Here is a look at what is happening at the MHS this week:
On Monday, 27 January, at 6:00 PM: Animal City: The Domestication of America with Andrew A. Robichaud, Boston University. American cities were once full of animal life: cattle driven through city streets; pigs feeding on trash in public alleys and basements; cows crammed into urban feedlots; horses worked to death in the harness; dogs pulling carts and powering small machines; and wild animals peering out at human spectators from behind bars. In his new book, Andrew Robichaud reconstructs this evolving world of nineteenth-century urban animal life—from San Francisco to Boston to New York—and reveals its importance, both then and now. A pre-talk reception begins at 5:30 PM; the speaking program begins at 6:00 PM. There is a $10 per person fee (no charge for MHS Fellows and Members, EBT or ConnectorCare cardholders).
On Tuesday, 28 January, at 5:15 PM: Genetown: The Urbanization of the Boston Area Biotechnology Industry with Robin Wolfe Scheffler, MIT, and comment by Lizbeth Cohen, Harvard University. Today, the Boston area hosts the densest cluster of biotechnology firms anywhere in the world. Yet in the 1980s, the rapid concentration of the industry within Boston’s urban neighborhoods was a striking contrast to the suburbanization of high technology research and development a generation before. This remarkable urbanization represented the confluence of the labor and financial challenges faced by biotechnology start-ups with decisions regarding municipal governance and redevelopment in the aftermath of deindustrialization. This is part of the Boston Seminar on Modern American Society and Culture series. Seminars are free and open to the public.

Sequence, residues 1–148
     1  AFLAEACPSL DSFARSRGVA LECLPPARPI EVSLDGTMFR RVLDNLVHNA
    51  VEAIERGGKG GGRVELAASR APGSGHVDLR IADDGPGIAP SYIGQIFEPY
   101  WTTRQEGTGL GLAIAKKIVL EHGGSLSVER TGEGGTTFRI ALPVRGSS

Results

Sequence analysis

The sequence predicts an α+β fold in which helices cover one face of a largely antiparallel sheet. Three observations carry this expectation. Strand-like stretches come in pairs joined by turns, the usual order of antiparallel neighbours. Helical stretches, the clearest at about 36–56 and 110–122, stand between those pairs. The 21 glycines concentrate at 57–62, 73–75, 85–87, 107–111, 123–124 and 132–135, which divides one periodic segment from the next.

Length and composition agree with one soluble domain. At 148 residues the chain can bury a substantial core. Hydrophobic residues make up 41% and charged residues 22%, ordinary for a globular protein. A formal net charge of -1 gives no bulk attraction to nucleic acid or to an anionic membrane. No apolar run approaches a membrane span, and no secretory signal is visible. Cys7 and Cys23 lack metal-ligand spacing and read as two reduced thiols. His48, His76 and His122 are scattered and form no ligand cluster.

On Thursday, 30 January, at 6:00 PM: Historical Perspectives on Today’s World: Our Nation’s Founders & Today’s Political Challenges with Stephen Fried; Liz Covart; Sara Georgini; Nathaniel Sheidley, and moderator Fred Thys. Our Founding Fathers were progressive for their time in establishing a new nation. Many of them grappled with the same issues that we face today, including political polarization, voicing new ideas, and approaches to health care. Stephen Fried, author of Rush: Revolution, Madness & the Visionary Doctor Who Became a Founding Father, will explore the life and legacy of Benjamin Rush–one of the least known Founding Fathers. He will be joined by additional historians in a conversation of how many of our nation’s founders persevered during this time–and the lessons that we can learn by reflecting on our past. This program will be held at the Edward M. Kennedy Institute (210 Morrissey Blvd, Boston). Click HERE to register for this program.
On Saturday, 1 February, at 10:00 AM: The History & Collections of the MHS. This is a 90-minute docent-led walk through of our public rooms. The tour is free and open to the public. If you would like to bring a larger party (8 or more), please contact Curator of Art Anne Bentley at 617-646-0508 or firstname.lastname@example.org.
Fire! Voices from the Boston Massacre
On the evening of March 5, 1770, soldiers occupying the town of Boston shot into a crowd, killing or fatally wounding five civilians. In the aftermath of what soon became known as the Boston Massacre, questions about the command to “Fire!” became crucial. Who yelled it? When and why? Because the answers would determine the guilt or innocence of the soldiers, defense counsel John Adams insisted that “Facts are stubborn things.” But what are the facts? The evidence, often contradictory, drew upon testimony from dozens of witnesses. Through a selection of artifacts, eyewitness accounts, and trial testimony—the voices of ordinary men and women—Fire! Voice from the Boston Massacre explores how this flashpoint changed American history. The exhibition is on display through 30 June 2020, Monday and Wednesday through Saturday from 10:00 AM to 4:00 PM, and Tuesday from 10:00 AM to 7:00 PM.